Figure 4-. Dye injection probe arrangement.








from bottom to top and a picture of the overall flow struc-

ture is obtained. This occurs as a result of the large

"secondary" flow in the bottom boundary layer (Rosenzweig,

Ross, and Lewellen, 1962; Kendall, 1962). The injected dye

is carried along the tank bottom, a fraction passing directly

out of the exit orifice, while the remainder is "ejected"

upward (see Figure 4-3). Figure 4-lb illustrates the posi-

tion of dye injection, near the tank bottom.

All the photographs of the dye patterns were taken under

conditions of "steady" flow, with all controllable experi-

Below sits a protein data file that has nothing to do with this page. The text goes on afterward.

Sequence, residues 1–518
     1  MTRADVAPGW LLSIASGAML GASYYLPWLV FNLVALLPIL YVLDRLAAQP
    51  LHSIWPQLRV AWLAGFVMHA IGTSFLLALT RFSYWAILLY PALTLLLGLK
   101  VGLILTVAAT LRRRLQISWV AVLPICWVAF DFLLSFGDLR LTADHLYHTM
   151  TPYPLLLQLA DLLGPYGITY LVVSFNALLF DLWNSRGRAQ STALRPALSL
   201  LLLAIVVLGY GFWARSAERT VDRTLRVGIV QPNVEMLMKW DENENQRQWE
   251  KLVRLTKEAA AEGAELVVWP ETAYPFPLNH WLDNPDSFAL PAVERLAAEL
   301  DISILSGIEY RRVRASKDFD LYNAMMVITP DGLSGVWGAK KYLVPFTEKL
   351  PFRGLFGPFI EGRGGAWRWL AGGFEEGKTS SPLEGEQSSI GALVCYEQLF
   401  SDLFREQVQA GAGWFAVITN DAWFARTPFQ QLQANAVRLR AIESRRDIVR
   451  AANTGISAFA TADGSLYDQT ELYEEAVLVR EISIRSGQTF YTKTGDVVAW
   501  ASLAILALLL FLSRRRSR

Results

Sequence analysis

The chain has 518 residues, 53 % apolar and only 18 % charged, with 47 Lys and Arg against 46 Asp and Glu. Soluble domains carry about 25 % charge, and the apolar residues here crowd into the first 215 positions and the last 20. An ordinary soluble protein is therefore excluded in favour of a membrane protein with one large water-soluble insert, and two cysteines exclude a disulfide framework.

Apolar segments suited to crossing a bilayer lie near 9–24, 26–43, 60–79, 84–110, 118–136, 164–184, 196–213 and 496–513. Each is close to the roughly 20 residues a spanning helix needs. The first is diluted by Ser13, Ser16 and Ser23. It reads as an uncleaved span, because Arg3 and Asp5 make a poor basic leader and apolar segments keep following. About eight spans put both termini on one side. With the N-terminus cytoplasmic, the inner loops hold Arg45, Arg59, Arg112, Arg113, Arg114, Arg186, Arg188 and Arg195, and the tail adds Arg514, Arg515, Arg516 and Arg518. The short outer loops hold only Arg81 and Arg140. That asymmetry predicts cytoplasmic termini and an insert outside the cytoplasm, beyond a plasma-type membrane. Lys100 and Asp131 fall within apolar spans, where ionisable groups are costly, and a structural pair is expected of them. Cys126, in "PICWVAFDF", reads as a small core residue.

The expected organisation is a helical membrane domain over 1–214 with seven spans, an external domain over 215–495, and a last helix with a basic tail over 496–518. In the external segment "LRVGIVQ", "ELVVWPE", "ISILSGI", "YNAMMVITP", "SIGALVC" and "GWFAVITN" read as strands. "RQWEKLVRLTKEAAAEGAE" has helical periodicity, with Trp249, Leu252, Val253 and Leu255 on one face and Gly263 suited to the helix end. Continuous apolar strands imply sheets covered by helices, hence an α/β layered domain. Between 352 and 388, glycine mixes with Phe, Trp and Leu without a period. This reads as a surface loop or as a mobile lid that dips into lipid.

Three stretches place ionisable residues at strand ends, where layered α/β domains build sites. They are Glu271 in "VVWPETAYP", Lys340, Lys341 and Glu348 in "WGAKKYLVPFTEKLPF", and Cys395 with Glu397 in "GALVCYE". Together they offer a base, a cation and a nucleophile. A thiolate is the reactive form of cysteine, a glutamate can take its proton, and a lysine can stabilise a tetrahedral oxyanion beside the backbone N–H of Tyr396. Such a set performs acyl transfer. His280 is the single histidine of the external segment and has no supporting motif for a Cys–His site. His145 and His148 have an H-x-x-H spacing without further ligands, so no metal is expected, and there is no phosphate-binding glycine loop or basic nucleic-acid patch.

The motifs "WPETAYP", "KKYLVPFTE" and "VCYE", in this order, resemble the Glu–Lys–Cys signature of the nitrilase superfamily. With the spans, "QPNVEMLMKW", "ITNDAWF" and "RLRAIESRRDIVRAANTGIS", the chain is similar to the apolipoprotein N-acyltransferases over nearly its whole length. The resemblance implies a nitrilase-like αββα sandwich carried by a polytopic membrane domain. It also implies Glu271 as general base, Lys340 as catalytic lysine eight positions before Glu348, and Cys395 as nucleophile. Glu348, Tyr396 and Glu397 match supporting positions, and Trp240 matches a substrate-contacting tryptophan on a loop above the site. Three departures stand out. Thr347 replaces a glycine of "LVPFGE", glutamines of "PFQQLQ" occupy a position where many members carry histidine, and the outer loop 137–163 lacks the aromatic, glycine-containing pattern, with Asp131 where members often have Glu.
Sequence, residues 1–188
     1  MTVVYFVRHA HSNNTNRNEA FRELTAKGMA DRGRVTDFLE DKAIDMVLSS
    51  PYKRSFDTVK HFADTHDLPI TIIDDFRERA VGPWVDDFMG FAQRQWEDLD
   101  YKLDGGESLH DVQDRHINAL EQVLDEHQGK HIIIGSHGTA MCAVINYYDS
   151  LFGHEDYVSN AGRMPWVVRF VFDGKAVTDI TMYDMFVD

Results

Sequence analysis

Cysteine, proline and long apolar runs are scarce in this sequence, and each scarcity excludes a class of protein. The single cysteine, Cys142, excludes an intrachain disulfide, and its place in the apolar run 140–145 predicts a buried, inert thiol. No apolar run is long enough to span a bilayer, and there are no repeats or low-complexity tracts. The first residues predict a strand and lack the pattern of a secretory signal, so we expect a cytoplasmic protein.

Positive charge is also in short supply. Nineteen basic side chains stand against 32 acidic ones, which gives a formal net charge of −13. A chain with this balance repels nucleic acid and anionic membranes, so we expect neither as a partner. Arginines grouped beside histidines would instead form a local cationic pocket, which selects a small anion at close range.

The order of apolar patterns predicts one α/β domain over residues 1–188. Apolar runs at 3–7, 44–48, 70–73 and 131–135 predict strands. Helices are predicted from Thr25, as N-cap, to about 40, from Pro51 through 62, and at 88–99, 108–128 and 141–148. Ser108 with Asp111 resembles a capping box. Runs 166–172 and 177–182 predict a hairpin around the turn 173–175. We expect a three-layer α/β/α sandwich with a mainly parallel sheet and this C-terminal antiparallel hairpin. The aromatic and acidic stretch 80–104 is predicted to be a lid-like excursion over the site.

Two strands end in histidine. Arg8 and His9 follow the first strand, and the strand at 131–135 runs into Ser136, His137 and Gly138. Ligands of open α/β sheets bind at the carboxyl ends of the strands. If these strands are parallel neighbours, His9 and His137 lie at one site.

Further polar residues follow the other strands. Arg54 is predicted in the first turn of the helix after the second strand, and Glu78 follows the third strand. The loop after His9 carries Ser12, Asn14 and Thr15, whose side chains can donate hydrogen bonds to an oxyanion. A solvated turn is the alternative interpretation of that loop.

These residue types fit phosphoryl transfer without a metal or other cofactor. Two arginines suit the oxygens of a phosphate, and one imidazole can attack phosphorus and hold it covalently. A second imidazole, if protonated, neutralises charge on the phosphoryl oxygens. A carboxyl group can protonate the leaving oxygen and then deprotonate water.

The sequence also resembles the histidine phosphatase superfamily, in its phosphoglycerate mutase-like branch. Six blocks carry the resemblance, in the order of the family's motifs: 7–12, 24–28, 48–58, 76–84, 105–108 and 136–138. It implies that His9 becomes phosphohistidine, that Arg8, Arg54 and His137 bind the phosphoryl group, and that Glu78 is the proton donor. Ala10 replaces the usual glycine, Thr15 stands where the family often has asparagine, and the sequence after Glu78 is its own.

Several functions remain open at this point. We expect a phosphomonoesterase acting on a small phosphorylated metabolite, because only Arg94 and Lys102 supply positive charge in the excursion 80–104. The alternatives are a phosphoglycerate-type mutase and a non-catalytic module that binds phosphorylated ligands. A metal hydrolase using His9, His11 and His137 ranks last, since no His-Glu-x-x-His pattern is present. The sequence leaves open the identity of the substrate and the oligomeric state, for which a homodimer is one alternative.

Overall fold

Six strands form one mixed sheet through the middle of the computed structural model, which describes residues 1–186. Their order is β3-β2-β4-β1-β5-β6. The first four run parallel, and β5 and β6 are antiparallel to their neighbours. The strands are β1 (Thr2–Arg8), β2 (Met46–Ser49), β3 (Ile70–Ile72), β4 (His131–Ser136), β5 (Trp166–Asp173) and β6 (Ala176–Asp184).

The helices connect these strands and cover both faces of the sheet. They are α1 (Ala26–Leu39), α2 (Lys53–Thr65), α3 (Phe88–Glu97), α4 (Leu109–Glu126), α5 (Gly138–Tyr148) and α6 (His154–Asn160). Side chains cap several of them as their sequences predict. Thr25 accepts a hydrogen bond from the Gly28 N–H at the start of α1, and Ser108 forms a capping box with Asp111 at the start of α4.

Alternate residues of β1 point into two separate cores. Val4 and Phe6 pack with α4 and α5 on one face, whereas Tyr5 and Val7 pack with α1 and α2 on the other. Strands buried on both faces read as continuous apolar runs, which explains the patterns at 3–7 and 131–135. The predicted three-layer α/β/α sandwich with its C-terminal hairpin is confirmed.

mental parameters held constant. The experimental conditions

for the quantitative flow field measurements are the same as

those for the present visualization study. Here, the term

"steady" flow is used rather loosely; the vortex flow was not

precisely steady and often was decidedly nonsteady.

The flow pattern was studied first in water. After the

steady state had been reached, a small amount of dye was in-

jected continuously for approximately 300 sec. A series of

photographs showing the dye pattern vs. time after injection

is given in Figure 4-2. Dye was released within the bottom

boundary layer and spiraled radially inward. Figure 4-2a

shows that a fraction of the dye passes directly out of the

exit orifice, while the remainder is abruptly ejected up-

ward near the sharp edge of the orifice. These "eruptions"

or "bursts" occur suddenly and are the origin of the tran-

sient, fast-moving counterflows. These counterflows in the

outer annular region, i.e., outside of the region of strong